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‘The present moment has the greatest potential for growth and success than anything else’

I never thought of myself as someone who works best under the pressure of a deadline. I suppose with just a tad of reflection I could have figured it out.

In the sixth grade I recall staying up all night to finish my handwritten project on the nation of Brazil.

Seems like we were always running up to the last moment in getting something ready.

Maybe it’s not so much in my constitution as in my early learning.

Yes. Quite. I should be able to blame this on someone, and since both of my parents have now passed who better than they to put this on.

It’s not my fault that I procrastinate and don’t seem able to concentrate until the pressure has become excruciating.

My parents raised me that way. It’s their fault.

How old am I now? Never mind about that, but yes.

I’ve had enough time to take ownership of my life; so, if there’s still something that isn’t quite perfect, I suppose I need to blame myself.

It’s kind of like the presidency in the United States; when the guy first takes office, he can blame his predecessor, but in the second term he’s had enough time in the job that the mess is rightfully his own.

After you’ve been living your life, after you’re an adult and you’ve been out on your own, there isn’t really anybody else to blame if you are not being the person you want to be.

So, maybe I choose to wait until the deadline is right upon me.

For instance, I was talking to a young colleague over the weekend, and he had taken the great big, daunting national psychology licensing exam that doctoral psychologists in the States have to pass before they can apply to local state boards for licenses to practice.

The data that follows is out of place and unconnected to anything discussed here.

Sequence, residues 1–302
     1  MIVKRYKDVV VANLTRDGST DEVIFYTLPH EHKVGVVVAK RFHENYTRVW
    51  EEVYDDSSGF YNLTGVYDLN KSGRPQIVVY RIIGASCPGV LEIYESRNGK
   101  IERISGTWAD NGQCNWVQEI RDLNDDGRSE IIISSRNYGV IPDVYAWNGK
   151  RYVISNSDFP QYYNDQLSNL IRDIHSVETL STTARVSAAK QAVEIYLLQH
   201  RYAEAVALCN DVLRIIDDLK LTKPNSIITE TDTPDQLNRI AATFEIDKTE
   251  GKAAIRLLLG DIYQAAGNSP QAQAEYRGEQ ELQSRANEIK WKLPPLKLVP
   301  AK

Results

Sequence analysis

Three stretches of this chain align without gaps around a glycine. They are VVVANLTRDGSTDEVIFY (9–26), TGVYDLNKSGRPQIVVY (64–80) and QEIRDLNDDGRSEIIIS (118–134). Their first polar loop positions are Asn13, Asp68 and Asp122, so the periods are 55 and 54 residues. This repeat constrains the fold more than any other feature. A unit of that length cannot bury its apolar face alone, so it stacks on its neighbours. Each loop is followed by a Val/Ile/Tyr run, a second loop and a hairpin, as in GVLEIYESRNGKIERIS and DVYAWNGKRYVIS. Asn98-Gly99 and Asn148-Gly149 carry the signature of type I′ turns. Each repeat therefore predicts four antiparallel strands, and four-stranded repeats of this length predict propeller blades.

You can usually flunk it once or twice before you’re in deep “mud.”

He was anxious about the outcome. To try to cheer him up, I told him that I flunked my first try and then with the added pressure to pass, I did pass.

That’s when he told me that he had already flunked once himself.

I don’t know what his problem was, but I can remember thinking that I had room to fail and so I didn’t study all that hard on the first try.

There it is. The actual deadline was having to pass, with no wiggle room for failure, and when that faced me, I went to work.

Procrastination can be about a lack of organisation, but it can also be about too much anxiety.

Sometimes people who lack the attentional capacity to attend to projects in more timely ways use the added pressure of the looming deadline to give them a boost that helps them devote the energy they need to complete tasks.

For other people the delay in taking care of obligations has more to do with the worry they experience about getting things right — a kind of perfectionism.

It is concern for the outcome. How will something turn out? What could result?

And so, it is avoidant in nature. However, since most things cannot be ignored and avoided forever, there comes a point at which people